RCB Isaiah OliverKendall Sheffield CJ Reavis
FSRicardo AllenSharrod NeasmanJaylinn Hawkins*
SS Keanu NealDamontae KazeeJamal Carter




This defense will have a fresh look under Raheem Morris, who was instrumental in the team's transformation in the second half of last season. Morris comes from a Cover 2-based defensive system in Tampa, but will apply the Cover 3-zone principles head coach Dan Quinn brought with him to Atlanta. Here's where the safety in the box comes in, which would be where Bucannon (drafted as a safety and plays as a hybrid linebacker) comes in as a linebacker with Jones. 

Charles Harris gets the first crack at starting at defensive end opposite Fowler, who played off the line with the Rams at the edge and linebacker (as a pass-rushing specialist). Fowler will play a similar role in Atlanta. Harris moved around in the Dolphins' 3-4 scheme as an end and tackle, so these positions are interchangeable. McKinley has one of the end spots locked on the line, while Jarrett is set at defensive tackle. Marlon Davidson was drafted in the second round and should battle for playing time. The Falcons pass rush would be better if Davidson plays a larger role. 

If the Falcons use the slot cornerback, Kendall Sheffield is a contender for that job. Terrell, the team's first-round pick, and Oliver are projected to start in the new-look secondary. Kazee played safety in place of Neal last year (as injuries have devastated his career), but Neal should take over the job. Kazee has to be on the field in some capacity, which may make him the front-runner for the slot cornerback role. If Kazee does play safety, where does Neal play? The Falcons could try him out at linebacker, similar to a Bucannon role, or they can keep him in the back as an extra safety. Atlanta's defense is better when Kazee and Neal are both on the field.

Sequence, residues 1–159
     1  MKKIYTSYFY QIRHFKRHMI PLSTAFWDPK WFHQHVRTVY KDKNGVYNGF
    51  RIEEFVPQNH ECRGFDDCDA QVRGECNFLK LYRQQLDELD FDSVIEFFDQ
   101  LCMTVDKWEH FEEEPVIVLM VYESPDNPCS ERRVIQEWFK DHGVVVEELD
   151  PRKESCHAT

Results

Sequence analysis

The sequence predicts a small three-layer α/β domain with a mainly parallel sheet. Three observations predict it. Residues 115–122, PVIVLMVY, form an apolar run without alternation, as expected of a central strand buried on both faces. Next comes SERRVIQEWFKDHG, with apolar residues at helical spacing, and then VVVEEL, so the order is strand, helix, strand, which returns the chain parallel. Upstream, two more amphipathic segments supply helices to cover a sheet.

Special teams


StarterBackup
K Younghoe Koo
P Ryan Allen Sterling Hofrichter*
LS Josh Harris
KR Chris Rowland*
Olamide Zaccheaus
PR Chris Rowland*
Olamide Zaccheaus

The Falcons didn't bring in any competition for Koo, so it's presumed he'll be the kicker in 2020. Allen punted in just nine games for the Falcons last season, but Hofrichter (a seventh-round pick) has a strong leg and is an option for kickoffs. 

Rowland was an outstanding returner in college at Tennessee State and is the only proven returner on the roster with Kenjon Barner gone. Olamide Zaccheaus is also a candidate for this role, even though he's never had a return in the NFL.